Investigating human rights:
'Hybrid' mechanism will ensure int'l support
The Report of the Office of the United Nations High Commissioner for
Human Rights (OHCHR) on Promoting Reconciliation, Accountability and
Human Rights in Sri Lanka and, the report of the OHCHR investigation on
serious human rights abuses, allegations of war crimes and crimes
against humanity in Sri Lanka between February 2002 and May 2009 (known
as OISL) is finally out after being deferred from its original date of
release of March 2015 on the request of the Government of Sri Lanka.
Long awaited and the focus of high expectations, deep concern and,
even fear in some quarters, the OISL report now takes centre stage as
far as the debate and discussion on transitional justice and its four
pillars of justice and accountability, truth, reparations and guarantees
of non-recurrence are concerned.
The GOSL request for deferral notwithstanding, the current government
unlike its predecessor acknowledges the need for accountability and a
transitional justice process. In this connection it has pledged to
establish a "credible domestic mechanism".
At the ongoing UNHRC sessions in Geneva, this was reiterated by the
Foreign Minister along with the announcement that there will be a
platform for truth seeking and a permanent Office to deal with the issue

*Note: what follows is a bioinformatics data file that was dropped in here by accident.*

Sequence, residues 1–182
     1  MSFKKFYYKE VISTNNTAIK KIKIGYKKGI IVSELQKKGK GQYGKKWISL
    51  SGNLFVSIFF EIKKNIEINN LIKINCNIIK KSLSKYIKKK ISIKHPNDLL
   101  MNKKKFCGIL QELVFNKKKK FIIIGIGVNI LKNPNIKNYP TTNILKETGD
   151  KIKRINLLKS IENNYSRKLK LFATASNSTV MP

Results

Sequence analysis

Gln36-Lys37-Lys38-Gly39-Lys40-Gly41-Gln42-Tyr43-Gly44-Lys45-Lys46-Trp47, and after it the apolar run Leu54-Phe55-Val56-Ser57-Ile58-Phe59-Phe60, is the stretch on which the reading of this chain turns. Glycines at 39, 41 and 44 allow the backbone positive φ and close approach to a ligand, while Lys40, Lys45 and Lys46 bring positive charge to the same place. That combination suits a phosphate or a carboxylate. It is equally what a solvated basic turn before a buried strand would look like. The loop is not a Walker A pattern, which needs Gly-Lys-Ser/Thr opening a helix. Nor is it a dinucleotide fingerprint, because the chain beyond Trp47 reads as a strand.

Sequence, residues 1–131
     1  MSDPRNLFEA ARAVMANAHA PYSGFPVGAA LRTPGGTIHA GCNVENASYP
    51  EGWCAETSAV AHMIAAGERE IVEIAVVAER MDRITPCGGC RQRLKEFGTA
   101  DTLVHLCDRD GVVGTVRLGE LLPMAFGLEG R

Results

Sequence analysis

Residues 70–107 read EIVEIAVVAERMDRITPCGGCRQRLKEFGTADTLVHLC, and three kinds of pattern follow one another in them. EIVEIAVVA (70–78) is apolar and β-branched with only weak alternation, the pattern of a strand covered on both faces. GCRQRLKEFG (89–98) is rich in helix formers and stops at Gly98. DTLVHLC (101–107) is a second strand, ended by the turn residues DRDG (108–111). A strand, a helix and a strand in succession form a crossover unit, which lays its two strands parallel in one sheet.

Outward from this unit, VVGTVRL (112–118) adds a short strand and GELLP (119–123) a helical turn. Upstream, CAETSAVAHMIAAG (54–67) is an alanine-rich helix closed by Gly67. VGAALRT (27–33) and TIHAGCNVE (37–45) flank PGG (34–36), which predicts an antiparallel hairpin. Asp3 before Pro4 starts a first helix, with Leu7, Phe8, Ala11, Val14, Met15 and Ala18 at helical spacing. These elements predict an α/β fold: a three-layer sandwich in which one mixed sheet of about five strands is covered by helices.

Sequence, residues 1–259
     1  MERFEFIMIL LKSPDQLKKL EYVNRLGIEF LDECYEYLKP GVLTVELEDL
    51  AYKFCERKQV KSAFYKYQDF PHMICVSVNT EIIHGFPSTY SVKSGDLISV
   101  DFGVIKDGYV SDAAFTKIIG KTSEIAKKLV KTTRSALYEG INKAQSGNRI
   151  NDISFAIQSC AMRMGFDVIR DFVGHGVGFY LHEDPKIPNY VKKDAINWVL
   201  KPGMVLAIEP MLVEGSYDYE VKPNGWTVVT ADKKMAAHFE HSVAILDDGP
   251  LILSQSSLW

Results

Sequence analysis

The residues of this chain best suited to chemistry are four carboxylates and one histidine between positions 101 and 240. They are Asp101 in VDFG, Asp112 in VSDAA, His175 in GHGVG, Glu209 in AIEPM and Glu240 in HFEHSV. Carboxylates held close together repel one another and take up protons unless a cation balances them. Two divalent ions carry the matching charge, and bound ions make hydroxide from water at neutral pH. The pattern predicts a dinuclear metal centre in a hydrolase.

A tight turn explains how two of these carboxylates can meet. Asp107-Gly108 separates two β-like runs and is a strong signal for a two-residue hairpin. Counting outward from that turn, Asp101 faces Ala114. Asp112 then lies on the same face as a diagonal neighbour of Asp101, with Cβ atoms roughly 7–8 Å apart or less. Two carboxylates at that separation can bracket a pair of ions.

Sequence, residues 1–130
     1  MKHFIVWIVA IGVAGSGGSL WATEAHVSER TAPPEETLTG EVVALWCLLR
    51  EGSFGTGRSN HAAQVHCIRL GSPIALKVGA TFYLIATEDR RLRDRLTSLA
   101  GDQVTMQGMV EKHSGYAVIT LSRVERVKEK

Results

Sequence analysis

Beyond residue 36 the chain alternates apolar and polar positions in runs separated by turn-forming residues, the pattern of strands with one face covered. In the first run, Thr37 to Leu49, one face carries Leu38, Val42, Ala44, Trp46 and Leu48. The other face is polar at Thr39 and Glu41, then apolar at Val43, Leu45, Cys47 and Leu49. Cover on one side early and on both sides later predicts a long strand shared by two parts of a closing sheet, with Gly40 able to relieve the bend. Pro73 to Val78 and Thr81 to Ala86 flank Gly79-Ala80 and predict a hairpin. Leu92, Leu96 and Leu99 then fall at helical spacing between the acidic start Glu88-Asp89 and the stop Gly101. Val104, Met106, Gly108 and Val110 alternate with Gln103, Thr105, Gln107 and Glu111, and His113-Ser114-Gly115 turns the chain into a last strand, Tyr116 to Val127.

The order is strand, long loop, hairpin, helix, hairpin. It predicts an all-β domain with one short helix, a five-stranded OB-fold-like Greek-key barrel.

The accountability mechanism, the minister subsequently announced,
will be set up within a period of 18 months and its establishment
preceded by public consultations, which will commence in October of this
year until January 2016. The GOSL has also maintained that it will seek
international technical assistance.
There will also be a consensus resolution in the Council at the end
of the current session. It will moved jointly by the GOSL and the US.
The precise language of the resolution is yet to be agreed upon.
The OISL is the first report of an investigation into allegations of
war crimes and crimes against humanity in the war in Sri Lanka mandated
by a resolution of a UN body and done under its aegis. Additionally
significant is that the current GOSL has not rejected it out of hand. In
its response to OISL, the GOSL:
"Takes note also of the Report of the OHCHR Investigation on Sri
Lanka (OISL), recognises fully that this Report represents a human
rights investigation and not a criminal investigation, and will ensure
that its content as well as recommendations receive due attention of the
relevant authorities including the new mechanisms that are envisaged to
be set up."
The key finding of the OISL, given its gravity is worth quoting in
"The sheer number of allegations, their gravity, recurrence and the
similarities in their modus operandi, as well as the consistent pattern
of conduct they indicate, all point towards system crimes.
While it is has not always been possible to establish the identity of
those responsible for these serious alleged violations, these findings
demonstrate that there are reasonable grounds to believe that gross
violations of international human rights law, serious violations of
international humanitarian law and international crimes were committed
by all parties during the period under investigation.
Indeed, if established before a court of law, many of these
allegations may amount, depending on the circumstances to war crimes if
a nexus is established with the armed conflict and /or crimes against
humanity, if committed as part of a widespread or systematic attack
against a civilian population. In some of these cases, the alleged acts